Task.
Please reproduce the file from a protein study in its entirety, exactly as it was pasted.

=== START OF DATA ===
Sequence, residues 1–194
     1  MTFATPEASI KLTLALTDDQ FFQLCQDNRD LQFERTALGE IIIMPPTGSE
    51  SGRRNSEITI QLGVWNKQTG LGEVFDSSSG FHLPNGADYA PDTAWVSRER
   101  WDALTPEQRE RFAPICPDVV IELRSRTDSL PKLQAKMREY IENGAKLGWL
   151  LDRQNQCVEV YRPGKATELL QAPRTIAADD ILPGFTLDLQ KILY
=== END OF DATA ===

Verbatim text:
Sequence, residues 1–194
     1  MTFATPEASI KLTLALTDDQ FFQLCQDNRD LQFERTALGE IIIMPPTGSE
    51  SGRRNSEITI QLGVWNKQTG LGEVFDSSSG FHLPNGADYA PDTAWVSRER
   101  WDALTPEQRE RFAPICPDVV IELRSRTDSL PKLQAKMREY IENGAKLGWL
   151  LDRQNQCVEV YRPGKATELL QAPRTIAADD ILPGFTLDLQ KILY